Neo-Nazi murder suspect convicted on firearms, methamphetamine charges

Press-Register, Alabama/August 17, 2011

Mobile, Alabama -- A federal jury here took about an hour Tuesday to convict a Neo-Nazi murder suspect of a host of firearms charges and a drug offense.

Daniel Dwight Brown, a self-avowed member of the Aryan Brotherhood, faces at least 15 years in prison on the federal charges. He also has a pending murder charge in Mobile County.

His attorney, Bill Scully, said his client will fight the federal conviction.

“I’m disappointed in the verdict,” he said. “My client steadfastly maintains his innocence, and he will do whatever he can to appeal the verdict.”

Mobile police officers investigating a shooting death in on March 11 found a pair of 9mm pistols in a Dumpster outside a bar on Swedetown Road in Theodore. Authorities contended that those guns potentially were used in the shooting of James Huddleston III, whose body was found on Rabbit Creek Road just north of Hamilton Boulevard.

An acquaintance of the defendant, Gary Paul Schreiner, testified that he knew the guns belonged to Brown.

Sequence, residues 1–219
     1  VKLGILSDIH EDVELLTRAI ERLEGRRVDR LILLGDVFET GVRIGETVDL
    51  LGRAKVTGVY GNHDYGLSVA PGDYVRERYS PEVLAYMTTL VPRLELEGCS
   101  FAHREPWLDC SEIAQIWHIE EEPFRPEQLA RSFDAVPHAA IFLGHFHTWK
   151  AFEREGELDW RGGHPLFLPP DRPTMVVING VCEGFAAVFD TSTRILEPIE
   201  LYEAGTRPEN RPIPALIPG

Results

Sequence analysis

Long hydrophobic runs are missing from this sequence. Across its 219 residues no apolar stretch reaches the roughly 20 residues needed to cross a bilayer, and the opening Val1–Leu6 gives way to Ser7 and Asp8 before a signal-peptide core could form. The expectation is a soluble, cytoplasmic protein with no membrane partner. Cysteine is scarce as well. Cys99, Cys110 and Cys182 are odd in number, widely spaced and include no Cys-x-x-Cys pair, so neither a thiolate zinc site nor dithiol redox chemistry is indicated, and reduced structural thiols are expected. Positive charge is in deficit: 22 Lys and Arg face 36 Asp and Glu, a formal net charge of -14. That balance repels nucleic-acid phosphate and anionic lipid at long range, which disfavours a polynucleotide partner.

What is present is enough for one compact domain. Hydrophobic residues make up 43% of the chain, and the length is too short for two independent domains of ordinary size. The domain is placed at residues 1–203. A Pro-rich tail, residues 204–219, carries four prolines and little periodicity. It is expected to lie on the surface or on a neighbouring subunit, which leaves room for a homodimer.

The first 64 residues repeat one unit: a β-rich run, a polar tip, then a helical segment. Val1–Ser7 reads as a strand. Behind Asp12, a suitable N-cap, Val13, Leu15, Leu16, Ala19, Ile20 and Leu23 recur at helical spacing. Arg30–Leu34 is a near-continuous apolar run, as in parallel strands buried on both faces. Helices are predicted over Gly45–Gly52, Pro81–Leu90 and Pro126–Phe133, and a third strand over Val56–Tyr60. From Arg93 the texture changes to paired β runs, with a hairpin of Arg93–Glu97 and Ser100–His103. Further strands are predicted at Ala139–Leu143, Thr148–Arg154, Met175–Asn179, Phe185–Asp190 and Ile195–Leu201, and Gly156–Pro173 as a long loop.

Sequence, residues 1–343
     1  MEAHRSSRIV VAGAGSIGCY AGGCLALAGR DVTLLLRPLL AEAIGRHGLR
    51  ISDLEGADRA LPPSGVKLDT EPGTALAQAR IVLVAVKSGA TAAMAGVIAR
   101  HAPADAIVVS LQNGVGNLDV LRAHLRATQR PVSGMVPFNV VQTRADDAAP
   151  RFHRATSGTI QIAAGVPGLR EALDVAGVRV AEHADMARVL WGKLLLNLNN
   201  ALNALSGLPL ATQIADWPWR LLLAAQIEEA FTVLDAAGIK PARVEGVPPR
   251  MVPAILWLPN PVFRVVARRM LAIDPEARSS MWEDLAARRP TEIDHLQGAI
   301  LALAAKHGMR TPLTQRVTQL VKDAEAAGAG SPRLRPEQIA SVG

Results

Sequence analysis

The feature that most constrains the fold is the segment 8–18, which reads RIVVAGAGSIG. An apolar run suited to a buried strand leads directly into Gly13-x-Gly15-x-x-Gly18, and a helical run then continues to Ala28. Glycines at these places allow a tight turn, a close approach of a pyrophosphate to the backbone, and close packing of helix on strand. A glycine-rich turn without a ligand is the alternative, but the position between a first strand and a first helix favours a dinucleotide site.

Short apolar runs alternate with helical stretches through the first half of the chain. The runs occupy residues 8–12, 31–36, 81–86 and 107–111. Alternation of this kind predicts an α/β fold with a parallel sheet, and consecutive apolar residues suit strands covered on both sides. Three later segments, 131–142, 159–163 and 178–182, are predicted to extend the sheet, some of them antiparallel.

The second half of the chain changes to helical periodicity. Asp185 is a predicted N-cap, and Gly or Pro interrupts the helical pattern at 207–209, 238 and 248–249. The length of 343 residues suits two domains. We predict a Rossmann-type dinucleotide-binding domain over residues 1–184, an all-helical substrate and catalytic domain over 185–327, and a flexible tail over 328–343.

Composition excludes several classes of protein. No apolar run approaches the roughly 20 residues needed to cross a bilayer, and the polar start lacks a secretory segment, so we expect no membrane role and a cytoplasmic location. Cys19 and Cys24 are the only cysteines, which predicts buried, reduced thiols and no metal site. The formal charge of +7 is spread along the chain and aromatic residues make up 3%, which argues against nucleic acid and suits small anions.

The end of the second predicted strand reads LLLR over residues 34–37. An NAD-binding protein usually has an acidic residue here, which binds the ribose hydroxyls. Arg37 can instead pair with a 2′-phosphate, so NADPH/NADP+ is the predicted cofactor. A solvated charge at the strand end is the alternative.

Investigators also got a search warrant for Brown’s home and found a pair of active methamphetamine labs, a .22-caliber pistol and ammunition on March 18, according to testimony.

Brown, 40, was convicted in 2006 of third-degree escape, making it illegal for him to have firearms.

During his testimony, Schreiner told jurors and he, Brown and their girlfriends did drugs together. Schreiner also testified that he joined a white pride group in prison called Southern Brotherhood and bristled at suggestions by Scully that it was akin to the Aryan Brotherhood.

“We’re not racist,” Schreiner said. “They’re racist.”

Schreiner testified that members of the Southern Brotherhood merely are proud of their race. In a recorded interview with Mobile police homicide detective Mac R. “Rusty” Hardeman, Schreiner called the Aryan Brotherhood “ugly, hateful a-- people.”

The jury found Brown guilty of 3 counts of possession of a firearm by a felon and one count of possession of ammunition by a felon. The panel also convicted him of possession with intent to distribute more than 500 grams of methamphetamine, which carries a 10-year mandatory-minimum prison sentence. The 6th charge he was convicted of, possession of a firearm in furtherance of a drug trafficking crime, carries a 5-year sentence that must be served consecutively.

Scully said he would try to persuade U.S. District Judge Kristi DuBose to run the prison time from the other gun charges simultaneous to the other charges.

“There’s going to be an issue, probably, if they’re going to be stacked,” he said.

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